• Kernel Log: Coming in 2.6.32 (Part 4) – Drivers

      The forthcoming Linux version 2.6.32 comes with numerous new and improved drivers – for instance for the Hauppauge HVR 2200 and 2250, for some ThinkPad notebooks by IBM/Lenovo, and for the MSI Wind’s fingerprint reader. The kernel developers have incorporated Microsoft’s Hyper-V driver into the staging area.

    • Working DisplayPort Arrives For Radeon KMS

      David Airlie has announced on his blog that he and Alex Deucher have finally got support for DisplayPort-driven graphics cards and monitors working with the open-source ATI Linux driver stack.

  • Applications

    • Create Video Slideshows in Linux with SMILE

      SMILE is a Free Software that allows you to create video slideshows using images and videos. The name SMILE is acronym for Slideshow Maker In Linux Environment. The best way to start using SMILE in Ubuntu 9.10 is to install this package from getdeb.net because it installs all the required components with a couple of clicks. Users of other Linux distros can download SMILE here.

  • Instructionals

  • Desktop Environments

  • Distributions

    • Yes-No Vote on behalf of the Foundation

      The trustees anticipate that more approaches of this nature will be received and view it as a sign of Gentoo maturing. Recognising that this would be a break with tradition, by allowing even major users to contribute to Gentoo in this way the trustees determined to put the question to a vote of Foundation members.

    • Mandriva Family

    • Red Hat Family

      • Red Hat increases stock-ownership rules for executives

        Raleigh software company Red Hat will soon require its top executives to own more of its shares, creating added financial incentive for them to help the stock rise.

        Since 2006, the company has required officers and directors to own shares. The revised stock-ownership policy, which takes effect March 1, increases the minimum ownership levels, said Brandon Asbill, vice president and assistant general counsel.

    • Debian Family

      • Canonical Landscape And Ubuntu: Government Boost?

        Ubuntu, as WorksWithU previously reported, has scored government and public safety wins across the globe. But I must concede: I’m surprised there aren’t more articles about Ubuntu’s potential strengths and weaknesses for government agencies. We’ll be sure to keep that topic in mind in the weeks ahead.

      • Linux based OS Ubuntu 9 10

        Ubuntu 9.10 is the latest iteration of the popular Linux-based operating system from Canonical Ltd. Version 9.10, which is also known as the Karmic Koala, stands out for its built-in encryption support and new Software Center, as well as for the early look at affords organizations waiting for the next Long Term Support version of the distribution, due next Spring.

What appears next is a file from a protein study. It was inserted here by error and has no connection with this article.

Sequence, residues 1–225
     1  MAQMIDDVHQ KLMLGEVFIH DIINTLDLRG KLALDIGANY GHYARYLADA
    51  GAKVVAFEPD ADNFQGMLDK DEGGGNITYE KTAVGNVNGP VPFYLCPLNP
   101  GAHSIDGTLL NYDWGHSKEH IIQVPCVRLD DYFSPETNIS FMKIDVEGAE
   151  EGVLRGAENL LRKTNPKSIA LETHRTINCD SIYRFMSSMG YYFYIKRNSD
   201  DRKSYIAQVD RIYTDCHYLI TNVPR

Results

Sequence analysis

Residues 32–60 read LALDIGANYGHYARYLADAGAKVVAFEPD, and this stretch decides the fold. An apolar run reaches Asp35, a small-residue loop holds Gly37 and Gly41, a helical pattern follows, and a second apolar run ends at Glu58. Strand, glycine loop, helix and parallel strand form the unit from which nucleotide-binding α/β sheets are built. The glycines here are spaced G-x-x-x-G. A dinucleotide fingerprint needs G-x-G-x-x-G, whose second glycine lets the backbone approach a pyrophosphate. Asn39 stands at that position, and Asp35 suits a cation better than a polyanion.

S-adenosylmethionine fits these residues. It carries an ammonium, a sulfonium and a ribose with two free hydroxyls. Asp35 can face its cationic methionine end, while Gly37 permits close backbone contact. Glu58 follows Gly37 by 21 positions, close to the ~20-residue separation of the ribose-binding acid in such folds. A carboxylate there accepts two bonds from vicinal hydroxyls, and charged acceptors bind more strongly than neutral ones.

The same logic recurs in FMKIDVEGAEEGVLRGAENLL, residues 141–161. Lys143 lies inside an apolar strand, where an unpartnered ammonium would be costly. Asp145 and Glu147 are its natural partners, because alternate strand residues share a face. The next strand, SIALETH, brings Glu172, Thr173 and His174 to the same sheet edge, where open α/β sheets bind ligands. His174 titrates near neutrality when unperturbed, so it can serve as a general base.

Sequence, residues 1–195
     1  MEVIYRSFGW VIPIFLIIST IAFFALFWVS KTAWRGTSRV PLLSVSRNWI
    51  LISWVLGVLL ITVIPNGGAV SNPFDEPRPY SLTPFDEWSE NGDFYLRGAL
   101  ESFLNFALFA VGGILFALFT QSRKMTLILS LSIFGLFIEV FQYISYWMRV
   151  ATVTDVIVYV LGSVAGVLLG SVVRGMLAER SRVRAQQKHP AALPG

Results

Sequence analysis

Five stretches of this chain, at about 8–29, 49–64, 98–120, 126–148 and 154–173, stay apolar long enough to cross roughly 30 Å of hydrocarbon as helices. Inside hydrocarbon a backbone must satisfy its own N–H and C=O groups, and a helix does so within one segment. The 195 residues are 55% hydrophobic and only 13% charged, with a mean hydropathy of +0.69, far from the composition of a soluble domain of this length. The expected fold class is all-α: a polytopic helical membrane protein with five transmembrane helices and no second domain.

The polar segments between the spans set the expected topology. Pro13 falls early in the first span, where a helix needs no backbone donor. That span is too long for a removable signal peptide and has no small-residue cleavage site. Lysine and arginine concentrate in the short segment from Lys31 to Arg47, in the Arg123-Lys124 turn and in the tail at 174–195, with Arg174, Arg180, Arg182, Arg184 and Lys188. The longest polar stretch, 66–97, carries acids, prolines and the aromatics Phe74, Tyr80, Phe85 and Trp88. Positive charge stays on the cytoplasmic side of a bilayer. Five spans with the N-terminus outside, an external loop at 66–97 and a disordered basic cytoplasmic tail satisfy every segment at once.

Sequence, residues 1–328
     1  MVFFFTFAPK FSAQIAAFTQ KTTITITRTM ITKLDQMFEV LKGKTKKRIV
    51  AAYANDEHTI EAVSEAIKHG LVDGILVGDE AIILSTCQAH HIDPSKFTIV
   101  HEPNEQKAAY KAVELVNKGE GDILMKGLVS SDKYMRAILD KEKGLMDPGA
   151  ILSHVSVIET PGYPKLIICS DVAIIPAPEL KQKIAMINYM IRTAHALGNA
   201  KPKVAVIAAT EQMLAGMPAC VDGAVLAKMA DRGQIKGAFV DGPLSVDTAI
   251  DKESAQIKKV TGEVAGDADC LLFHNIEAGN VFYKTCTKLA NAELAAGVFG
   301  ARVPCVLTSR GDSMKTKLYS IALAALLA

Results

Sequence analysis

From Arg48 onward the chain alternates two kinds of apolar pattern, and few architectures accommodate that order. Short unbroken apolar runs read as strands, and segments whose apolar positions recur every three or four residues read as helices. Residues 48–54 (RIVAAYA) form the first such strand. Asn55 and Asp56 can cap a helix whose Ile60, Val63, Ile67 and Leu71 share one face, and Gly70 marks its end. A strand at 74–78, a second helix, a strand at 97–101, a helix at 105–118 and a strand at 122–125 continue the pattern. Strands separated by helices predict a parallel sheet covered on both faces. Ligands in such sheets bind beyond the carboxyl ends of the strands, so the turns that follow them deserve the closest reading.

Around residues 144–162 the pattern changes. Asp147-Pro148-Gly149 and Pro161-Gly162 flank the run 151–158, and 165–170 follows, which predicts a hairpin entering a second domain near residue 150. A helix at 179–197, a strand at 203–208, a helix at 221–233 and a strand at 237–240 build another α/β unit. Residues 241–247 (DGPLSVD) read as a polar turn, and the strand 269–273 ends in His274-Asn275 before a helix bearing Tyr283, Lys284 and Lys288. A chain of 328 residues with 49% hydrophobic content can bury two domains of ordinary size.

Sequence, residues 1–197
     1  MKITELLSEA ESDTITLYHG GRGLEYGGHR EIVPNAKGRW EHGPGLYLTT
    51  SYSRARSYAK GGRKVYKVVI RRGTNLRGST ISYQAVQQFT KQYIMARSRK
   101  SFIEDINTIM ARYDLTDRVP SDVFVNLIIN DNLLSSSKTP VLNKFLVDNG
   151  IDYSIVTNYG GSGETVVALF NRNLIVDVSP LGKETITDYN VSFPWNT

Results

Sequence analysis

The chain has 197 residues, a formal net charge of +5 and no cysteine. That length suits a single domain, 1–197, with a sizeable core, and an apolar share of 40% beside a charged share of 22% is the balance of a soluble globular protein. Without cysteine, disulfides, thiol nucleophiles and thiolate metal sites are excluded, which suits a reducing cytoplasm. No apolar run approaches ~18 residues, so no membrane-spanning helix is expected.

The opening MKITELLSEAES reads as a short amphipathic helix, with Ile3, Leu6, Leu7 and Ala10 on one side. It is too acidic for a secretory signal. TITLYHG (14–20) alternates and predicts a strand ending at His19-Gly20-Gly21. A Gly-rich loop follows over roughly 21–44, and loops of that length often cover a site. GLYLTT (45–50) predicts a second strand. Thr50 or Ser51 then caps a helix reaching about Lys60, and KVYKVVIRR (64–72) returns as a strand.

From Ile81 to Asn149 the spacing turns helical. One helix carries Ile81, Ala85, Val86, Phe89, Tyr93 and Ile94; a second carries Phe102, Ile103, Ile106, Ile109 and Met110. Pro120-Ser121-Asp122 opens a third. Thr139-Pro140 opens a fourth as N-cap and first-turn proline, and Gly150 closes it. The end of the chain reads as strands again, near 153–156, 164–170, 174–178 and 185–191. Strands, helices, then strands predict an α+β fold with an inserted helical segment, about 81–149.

• The Incredible Guide to NEW Ubuntu (Karmic Koala) [PDF]

        The guide is aimed, not only familiarizing you, but on making your Linux experience easier in general. Learn how to define command aliases, making the Command Line Shell easy to use!

      • Ubuntu Karmic … my first impressions

        Now I’m obviously so much more productive with massive(?) monitors…. and funky desktop effects.

      • Lucid Lynx – This Is The Plan

        Of course no one can know exactly what Ubuntu 10.04 will be like and what features will land. But based on the outcome of the Ubuntu Developer Summit in Dallas here’s my vision.

      • Kuki Linux development resumes

        Well that was fast. Just after two weeks after announcing that development of Kuki Linux had been put on hold indefinitely due to real-life distractions, the developers are back on the job.

      • How to upgrade Linux Mint 8 RC1 to Linux Mint 8 (stable)
  • Devices/Embedded

    • Wind River and Kontron buddy up

      Wind River and Kontron announced a global, multi-year agreement under which the embedded system manufacturer will distribute Wind River’s VxWorks and Wind River Linux distributions. The agreement is expected to extend software and service offerings across a range of industries, says Wind River.

    • Low-cost Linux RTL and Gate-level simulator from Aldec
    • SYSGO announces ELinOS support for Freescale’s i.MX25 Platform

      The i.MX25 family of multimedia applications processors extends Freescale’s ARM9 portfolio by integrating many new features for the industrial and general embedded markets and by committing to ship these processors for at least 15 years from time of launch. When coupled with SYSGO’s ELinOS industrial grade Linux operating system, the i.MX25 provides an ideal platform for challenging multimedia applications. Both technologies have been designed to support evolving, long-life applications, minimizing costly redesign.

    • Phones

      • First Else phone raises the interface bar for smart phones

        But a new offering from Else, (formerly Emblaze) which will debut next year in the second quarter, is offering an intriguing glimpse at a radically different and potentially much more friendly form of user interface. The First Else phone, (yeah, not sure about that name) is a 3.5 inch touch-screen phone built with the latest Access Linux Platform operating system.

      • Nokia

        • KOffice 2.1 Released and for Nokia N900

          Six months after KOffice announced their platform 2.0.0 release, KOffice has now announced version 2.1.0 of the platform which delivers new features and general improvements in the maturity of the applications along with the importing of documents receiving an overhaul.